Bradshaw's 1922: - No service located
    LNER NEA 1926: - Sundays Page 93: Set No. 552 1:30 p.m. Normanton York 2:09 p.m. - Leeds and Scarborough five non-corridor carriage set with L&YR "VV" attached. No set working Normanton to Edinburgh shown.

    It is not clear whether the trains in Bradshaws 1910 or the NER 1912-13 work merely from Normanton or whether the set originates at Manchester or Liverpool.
    In any event, it appears that the NER 1912 - 1913 points to a likely candidate for the seventh Down working of an N.E.R. Dining set.
    Last edited by borderreiver; September 20th, 2019 at 08:40 PM. Reason: Spelling

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    Default The 1914 T.C.W.I. - An Identification

    A bump to the thread as a consequence of new research.

    In the 1914 T.C.W.I. the identity of the RC in the Newcastle to Edinburgh portion of the 9.57am York to Edinburgh was a puzzle.

    Newcastle (dep 12:12 p.m.) to Edinburgh (arr 3.31 pm)
    NER RC Diag 166 30T 15Cwt 10 1st 15 3rd seats ( A Diagram 166 weighed 40T and sat 13 of each class)
    NER BCK¹ Diag 174 26T 15Cwt 9 1st 18 3rd seats

    This RC was subsequently attached to the 7.45 am Up departure from Edinburgh the following day, detached at Newcastle.

    It turns out that in 1914 the N.E.R. did have a candidate for a 30T 15CWT Dining Composite seating 10 First and 15 Third, the Diagram 105, built in 1905. The N.E.R.A. drawing matches the weight precisely. Three were built in June 1905, Nos. 765, 1790 & 1855. They sat 10 First Class in two bays as 2+1, with a lavatory occupying one corner of the outboard saloon and 20 Thirds in three bays as 3+1 with a lavatory occupying the corner of the outboard saloon bay and one single seat omitted from the opposite corner by the door to the kitchen. If at first the carriage was also 2+1 for Third Class passengers then the capacity was 15 Thirds. While the Third Class seating at 2+1 would conform with E.C.J.S. practise at the time seating First Class passengers as 2+1 was not. E.C.J.S. First Class passengers were accustomed to 1+1 seating. I do not know how many complaints were received in 1905 from put out First Class passengers. The pantry was by the inboard First Class Saloon. The kitchen had an external door in one corner, a sliding door out to the corridor towards the opposite corner with an external door on the corridor not quite in line with it. Each lavatory had access by sliding door from the end vestibule. According to Carter, the external features were closely related to the clerestory roof carriages built for the N.E.R. for the preceding few years. They were lettered "DINING SALOON" and had 24 side windows. The N.E.R.A. drawing confirms the window and door arrangements. They carrie dlined Crimson Lake livery, which would have been very noticeable between teak livery E.C.J.S. carriages. it is a little disappointing that no photograph of them in service during 1905 has emerged. they would surely have been quite conspicuous.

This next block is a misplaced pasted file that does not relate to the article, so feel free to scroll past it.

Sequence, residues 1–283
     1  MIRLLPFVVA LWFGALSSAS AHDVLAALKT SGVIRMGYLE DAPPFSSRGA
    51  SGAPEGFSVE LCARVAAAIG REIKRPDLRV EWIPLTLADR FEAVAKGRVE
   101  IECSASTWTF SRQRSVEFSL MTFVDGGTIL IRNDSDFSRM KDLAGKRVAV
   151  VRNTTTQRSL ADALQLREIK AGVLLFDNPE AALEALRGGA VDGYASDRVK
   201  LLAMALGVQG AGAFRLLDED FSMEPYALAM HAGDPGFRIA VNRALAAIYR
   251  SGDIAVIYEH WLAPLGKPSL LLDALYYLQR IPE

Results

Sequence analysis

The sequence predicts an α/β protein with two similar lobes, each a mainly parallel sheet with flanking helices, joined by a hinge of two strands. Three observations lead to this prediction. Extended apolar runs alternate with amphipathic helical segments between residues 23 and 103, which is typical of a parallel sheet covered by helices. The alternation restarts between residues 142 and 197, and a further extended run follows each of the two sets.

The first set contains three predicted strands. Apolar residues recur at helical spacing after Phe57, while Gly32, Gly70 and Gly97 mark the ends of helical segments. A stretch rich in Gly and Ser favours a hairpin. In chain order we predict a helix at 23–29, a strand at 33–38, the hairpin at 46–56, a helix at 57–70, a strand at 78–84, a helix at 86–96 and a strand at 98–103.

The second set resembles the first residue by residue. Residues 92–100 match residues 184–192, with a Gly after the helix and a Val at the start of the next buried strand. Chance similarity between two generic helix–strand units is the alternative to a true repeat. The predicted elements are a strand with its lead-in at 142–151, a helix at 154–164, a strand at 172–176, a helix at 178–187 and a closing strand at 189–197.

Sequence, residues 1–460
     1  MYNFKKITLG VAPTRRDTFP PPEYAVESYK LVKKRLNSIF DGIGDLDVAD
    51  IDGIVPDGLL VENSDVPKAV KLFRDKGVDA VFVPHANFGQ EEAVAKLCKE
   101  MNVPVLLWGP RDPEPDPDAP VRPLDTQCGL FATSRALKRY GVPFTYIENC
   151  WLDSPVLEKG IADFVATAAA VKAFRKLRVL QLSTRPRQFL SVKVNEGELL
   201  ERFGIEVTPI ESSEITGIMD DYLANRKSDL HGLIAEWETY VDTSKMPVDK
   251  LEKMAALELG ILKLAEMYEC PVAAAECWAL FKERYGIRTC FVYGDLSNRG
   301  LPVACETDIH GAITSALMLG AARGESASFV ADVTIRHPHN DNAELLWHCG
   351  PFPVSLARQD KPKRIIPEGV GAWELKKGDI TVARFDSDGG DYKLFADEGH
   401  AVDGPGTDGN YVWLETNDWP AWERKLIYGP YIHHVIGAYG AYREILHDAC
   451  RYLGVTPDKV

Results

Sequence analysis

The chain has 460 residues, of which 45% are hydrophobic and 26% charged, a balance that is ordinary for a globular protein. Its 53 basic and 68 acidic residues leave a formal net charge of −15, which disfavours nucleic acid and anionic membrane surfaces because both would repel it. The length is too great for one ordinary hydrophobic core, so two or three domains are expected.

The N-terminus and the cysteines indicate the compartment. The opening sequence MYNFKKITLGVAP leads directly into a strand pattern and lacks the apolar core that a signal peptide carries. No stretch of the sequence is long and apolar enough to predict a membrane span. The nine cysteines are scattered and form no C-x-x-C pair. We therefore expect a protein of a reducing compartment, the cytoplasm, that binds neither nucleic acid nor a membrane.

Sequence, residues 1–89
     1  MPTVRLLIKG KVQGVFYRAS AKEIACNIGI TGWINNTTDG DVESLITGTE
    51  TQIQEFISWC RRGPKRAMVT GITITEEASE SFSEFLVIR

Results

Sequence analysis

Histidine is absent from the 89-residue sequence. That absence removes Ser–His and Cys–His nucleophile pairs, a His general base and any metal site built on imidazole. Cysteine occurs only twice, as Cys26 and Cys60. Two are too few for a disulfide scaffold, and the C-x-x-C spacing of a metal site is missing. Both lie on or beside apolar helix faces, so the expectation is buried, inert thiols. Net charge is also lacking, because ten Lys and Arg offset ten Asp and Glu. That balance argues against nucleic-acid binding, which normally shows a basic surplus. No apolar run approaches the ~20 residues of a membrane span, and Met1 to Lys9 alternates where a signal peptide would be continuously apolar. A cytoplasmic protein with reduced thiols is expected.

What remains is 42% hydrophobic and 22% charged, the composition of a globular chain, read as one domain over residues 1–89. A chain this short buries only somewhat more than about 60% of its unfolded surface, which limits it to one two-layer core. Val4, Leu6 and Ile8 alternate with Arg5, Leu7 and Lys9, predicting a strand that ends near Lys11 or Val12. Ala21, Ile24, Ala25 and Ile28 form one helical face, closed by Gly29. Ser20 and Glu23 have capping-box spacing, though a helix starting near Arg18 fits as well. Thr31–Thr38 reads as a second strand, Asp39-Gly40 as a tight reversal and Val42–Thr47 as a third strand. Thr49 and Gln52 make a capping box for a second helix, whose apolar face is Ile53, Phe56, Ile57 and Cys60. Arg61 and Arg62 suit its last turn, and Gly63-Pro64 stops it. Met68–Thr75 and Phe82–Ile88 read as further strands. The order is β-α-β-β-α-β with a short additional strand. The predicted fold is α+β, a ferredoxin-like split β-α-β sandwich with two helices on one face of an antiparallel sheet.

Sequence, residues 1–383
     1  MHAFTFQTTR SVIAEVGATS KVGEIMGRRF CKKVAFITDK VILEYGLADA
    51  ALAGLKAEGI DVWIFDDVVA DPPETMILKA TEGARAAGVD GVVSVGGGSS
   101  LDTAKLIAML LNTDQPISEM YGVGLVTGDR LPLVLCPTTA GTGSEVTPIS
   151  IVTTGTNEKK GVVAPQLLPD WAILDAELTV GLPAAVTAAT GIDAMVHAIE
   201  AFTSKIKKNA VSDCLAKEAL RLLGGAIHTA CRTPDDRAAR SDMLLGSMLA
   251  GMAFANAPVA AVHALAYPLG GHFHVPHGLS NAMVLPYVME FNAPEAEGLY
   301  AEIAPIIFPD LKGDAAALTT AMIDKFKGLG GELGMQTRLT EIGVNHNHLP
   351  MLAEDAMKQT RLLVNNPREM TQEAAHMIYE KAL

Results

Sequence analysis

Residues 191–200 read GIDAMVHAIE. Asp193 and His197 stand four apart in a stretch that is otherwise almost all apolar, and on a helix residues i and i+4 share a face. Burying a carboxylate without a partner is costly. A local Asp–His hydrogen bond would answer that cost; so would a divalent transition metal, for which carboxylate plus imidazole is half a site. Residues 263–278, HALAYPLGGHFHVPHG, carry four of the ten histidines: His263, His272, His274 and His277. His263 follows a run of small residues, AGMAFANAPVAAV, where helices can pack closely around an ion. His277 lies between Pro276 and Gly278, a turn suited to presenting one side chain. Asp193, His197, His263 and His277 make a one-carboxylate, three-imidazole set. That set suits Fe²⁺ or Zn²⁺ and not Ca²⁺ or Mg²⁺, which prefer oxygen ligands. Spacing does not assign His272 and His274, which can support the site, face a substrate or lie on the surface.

A little history of the diagram, courtesy of an article on catering Carriages built at York in the North Eastern Railway Asssociation's magazine "North Eastern Express" issue 93 from November 1983 by C.S. Carter. Unfortunately, in a typo carter assigns Diagram 106, though in fact they were Diagram 105. The N.E.R. had no passenger carriages with end corridor connections in 1905 (the five Diagram 93 Mail Vans had offset ones) so there were no N.E.R. services to exploit this facility. However, Carter reports that the 1905 timetable indicates a dining saloon working north of Newcastle. He also mentions 1910 but that is in the period when the N.E.R. had built carriages with corridor connections and could have been carriages built during 1908/1909. Given that I have no access to a 1905 timetable or working instructions I have to presume that the 7.45 am Up ECJS working was established then to give a dining facility as far as Newcastle. The working south of Newcastle is a mystery for the period June to December 1905 since G.N.& N.E.J.S. workings did not commence until the end of 1905. At some point in 1905 the G.N.R. and N.E.R. utilised E.C.J.S. carriages on Newcastle to London trains as the N.B.R. complained about it, prompting the G.N.R. and N.E.R. to respond to the perfectly justified protest from the N.B.R. by authorising construction of carriages for the service. It seems likely that the E.C.J.S. carriages on the 7.45 am Edinburgh were joined to "pirated" E.C.J.S. carriages at Newcastle to continue on to London. It will take further research to determine which ones they might have been. The N.E.R. had three Diagram 105s in 1905 so I consider it likely that the one attached to the 7.45 am from Edinburgh worked all the way south to London. How it returned north to Newcastle would need access to a summer 1905 timetable and working instructions.